Thanks.
dwain.c
dwain.c
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Yasemin Örnek (9/19/2012)
Hi , I want to ask a question ,
Is it possible executing dynamic sql and store values in a temp table with WITH clause like below code?

DECLARE @sqltxt nvarchar(max) ;

SET @sqltxt='select col112,col221 from sometable';

WITH temptable (col1,col2) as
(exec sp_executesql @sqltxt )
select * from temptable

Or how can I achive this task with sql?
Thanks.


First of all, you shouldn't hijack other peoples' threads when you can easily start a new one of your own. Secondly, I shouldn't encourage you in doing so by answering your questions. :-)

But since I answered before realizing this, I'll say I'm pretty sure that your syntax will not work. Try it!

You could try do something like this:


DECLARE @sqltxt nvarchar(max) ;

SET @sqltxt='INSERT INTO temptable (col1,col2) select col112,col221 from sometable';

exec sp_executesql @sqltxt

select * from temptable




That will work with permanent or temporary tables, but not table variables (they will not be in the context of the executed dynamic SQL).


My mantra: No loops! No CURSORs! No RBAR! Hoo-uh!

My thought question: Have you ever been told that your query runs too fast?

My advice:
INDEXing a poor-performing query is like putting sugar on cat food. Yeah, it probably tastes better but are you sure you want to eat it?
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Need to UNPIVOT? Why not CROSS APPLY VALUES instead?
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Learn to understand recursive CTEs by example.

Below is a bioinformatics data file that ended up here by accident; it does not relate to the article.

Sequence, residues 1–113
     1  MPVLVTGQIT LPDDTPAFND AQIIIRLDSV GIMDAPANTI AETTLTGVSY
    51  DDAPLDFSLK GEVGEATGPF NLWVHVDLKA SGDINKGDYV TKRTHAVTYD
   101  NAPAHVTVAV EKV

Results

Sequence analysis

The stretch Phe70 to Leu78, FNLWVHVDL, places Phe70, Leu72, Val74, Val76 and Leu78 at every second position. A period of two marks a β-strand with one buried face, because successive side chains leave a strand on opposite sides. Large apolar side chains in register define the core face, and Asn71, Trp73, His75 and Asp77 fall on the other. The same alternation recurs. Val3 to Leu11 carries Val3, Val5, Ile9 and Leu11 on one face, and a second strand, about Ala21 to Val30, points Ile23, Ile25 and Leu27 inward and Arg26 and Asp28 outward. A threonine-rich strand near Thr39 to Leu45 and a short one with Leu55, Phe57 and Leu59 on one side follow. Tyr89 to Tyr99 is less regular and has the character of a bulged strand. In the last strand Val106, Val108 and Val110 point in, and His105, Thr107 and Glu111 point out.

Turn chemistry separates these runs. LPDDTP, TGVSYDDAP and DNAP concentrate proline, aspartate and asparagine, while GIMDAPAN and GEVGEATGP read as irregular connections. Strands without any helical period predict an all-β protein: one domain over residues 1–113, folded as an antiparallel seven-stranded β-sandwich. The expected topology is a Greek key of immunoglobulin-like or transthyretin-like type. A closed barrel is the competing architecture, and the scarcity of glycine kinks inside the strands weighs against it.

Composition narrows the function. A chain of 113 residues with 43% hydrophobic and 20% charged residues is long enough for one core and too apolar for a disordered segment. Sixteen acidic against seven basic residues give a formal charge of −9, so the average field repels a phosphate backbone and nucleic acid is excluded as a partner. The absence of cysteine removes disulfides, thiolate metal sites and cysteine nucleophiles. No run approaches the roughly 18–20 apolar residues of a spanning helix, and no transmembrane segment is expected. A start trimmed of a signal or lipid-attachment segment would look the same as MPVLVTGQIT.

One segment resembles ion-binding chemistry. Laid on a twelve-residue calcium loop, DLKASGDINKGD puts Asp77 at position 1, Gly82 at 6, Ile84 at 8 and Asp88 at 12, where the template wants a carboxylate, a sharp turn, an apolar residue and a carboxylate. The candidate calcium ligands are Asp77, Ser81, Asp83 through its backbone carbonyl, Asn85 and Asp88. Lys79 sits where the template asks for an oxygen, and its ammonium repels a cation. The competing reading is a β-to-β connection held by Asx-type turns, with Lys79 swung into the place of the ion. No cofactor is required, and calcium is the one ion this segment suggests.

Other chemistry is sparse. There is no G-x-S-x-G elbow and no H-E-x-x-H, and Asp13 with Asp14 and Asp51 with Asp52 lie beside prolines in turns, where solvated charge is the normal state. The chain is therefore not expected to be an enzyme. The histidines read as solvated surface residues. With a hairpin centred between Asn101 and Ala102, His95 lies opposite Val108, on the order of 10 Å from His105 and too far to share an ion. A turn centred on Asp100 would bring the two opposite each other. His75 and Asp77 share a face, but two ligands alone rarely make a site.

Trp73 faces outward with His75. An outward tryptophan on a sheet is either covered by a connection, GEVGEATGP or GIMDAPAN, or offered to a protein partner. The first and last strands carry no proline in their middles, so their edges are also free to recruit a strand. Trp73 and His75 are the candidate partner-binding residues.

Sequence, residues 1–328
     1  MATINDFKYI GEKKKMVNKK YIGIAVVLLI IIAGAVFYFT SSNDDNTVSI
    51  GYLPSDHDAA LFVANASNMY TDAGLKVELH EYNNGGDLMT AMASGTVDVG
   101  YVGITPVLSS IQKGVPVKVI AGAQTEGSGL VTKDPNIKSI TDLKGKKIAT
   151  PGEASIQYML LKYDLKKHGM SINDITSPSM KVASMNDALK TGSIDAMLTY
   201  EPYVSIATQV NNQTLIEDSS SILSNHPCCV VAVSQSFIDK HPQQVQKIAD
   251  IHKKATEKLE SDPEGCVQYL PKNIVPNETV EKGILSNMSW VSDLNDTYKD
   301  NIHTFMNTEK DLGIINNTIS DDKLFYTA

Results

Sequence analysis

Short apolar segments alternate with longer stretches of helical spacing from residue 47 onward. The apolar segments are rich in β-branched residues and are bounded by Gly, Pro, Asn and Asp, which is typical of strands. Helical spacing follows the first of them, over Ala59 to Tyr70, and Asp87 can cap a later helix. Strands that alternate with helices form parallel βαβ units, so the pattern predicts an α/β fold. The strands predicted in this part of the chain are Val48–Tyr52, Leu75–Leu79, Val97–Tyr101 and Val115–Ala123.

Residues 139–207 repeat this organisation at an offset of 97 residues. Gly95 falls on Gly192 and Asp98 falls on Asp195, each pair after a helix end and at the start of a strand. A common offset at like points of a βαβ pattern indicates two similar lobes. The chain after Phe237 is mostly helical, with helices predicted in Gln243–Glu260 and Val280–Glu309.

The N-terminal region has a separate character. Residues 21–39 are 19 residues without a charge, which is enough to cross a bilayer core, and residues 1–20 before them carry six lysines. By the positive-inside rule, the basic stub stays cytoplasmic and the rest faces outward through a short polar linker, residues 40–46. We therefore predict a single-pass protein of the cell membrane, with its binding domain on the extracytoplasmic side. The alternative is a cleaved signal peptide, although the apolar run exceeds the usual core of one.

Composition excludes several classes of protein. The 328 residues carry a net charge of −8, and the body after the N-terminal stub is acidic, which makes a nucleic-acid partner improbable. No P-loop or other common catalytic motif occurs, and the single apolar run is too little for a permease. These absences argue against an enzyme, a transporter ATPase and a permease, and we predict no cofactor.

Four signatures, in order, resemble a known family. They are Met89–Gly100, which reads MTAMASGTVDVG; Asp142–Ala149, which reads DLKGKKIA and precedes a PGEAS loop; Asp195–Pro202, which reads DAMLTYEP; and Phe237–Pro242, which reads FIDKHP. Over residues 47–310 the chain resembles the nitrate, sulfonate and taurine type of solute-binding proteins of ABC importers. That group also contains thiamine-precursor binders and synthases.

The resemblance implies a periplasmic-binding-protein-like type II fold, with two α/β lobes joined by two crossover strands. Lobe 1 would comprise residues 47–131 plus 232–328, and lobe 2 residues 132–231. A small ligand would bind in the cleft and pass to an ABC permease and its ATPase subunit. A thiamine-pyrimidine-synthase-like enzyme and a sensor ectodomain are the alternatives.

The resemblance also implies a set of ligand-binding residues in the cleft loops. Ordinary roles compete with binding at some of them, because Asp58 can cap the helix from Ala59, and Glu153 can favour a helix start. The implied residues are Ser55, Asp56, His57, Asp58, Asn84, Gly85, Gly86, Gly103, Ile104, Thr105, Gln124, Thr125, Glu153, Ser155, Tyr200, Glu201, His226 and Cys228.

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Solomon Rutzky
Solomon Rutzky
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ishaan99 (12/8/2008)
Has anyone tried calling a stored procedure from a user defined function. I have a procedure as Proc_XXX with 7 parameters if i do exec Proc_XXX(null,null,null,null,null,'1/1/1998','1/1/2007') i am getting the result set. Is it possible to have the same results when calling through a function .

call Proc_XXX(null,null,null,null,null,'1/1/1998','1/1/2007')

any help on this will be greatly appreciated. TIA


Hi there. This technically can be done, to varying degrees based on the method you use. However, I will reiterate what others here have cautioned about:
  • If you attempt any side-effecting operations, it could produce unexpected results.

  • If you are doing a read-only operation (e.g. a SELECT) then it should be ok (see note below)


  • There are three ways that I know of to do this:

  • OPENROWSET / OPENQUERY (mentioned by SwePeso): this will make an external connection that will be a new session (i.e. @@SPID) so no shared share info such as local temp tables (e.g. #tmp) or CONTEXT_INFO. Global temp tables are accessible (e.g. ##tmp). There will also be some additional, and possibly larger-impacting security configuration needed depending on which of those two you are using. This method can allow for changing the state of the database!

  • SQLCLR using standard / regular external connection: this will make an external connection that will be a new session (i.e. @@SPID) so no shared share info such as local temp tables (e.g. #tmp) or CONTEXT_INFO. Global temp tables are accessible (e.g. ##tmp). The only security configuration needed is setting the Assembly to EXTERNAL_ACCESS, but that configuration affects only the Assembly so a fairly narrow security impact. This method can allow for changing the state of the database!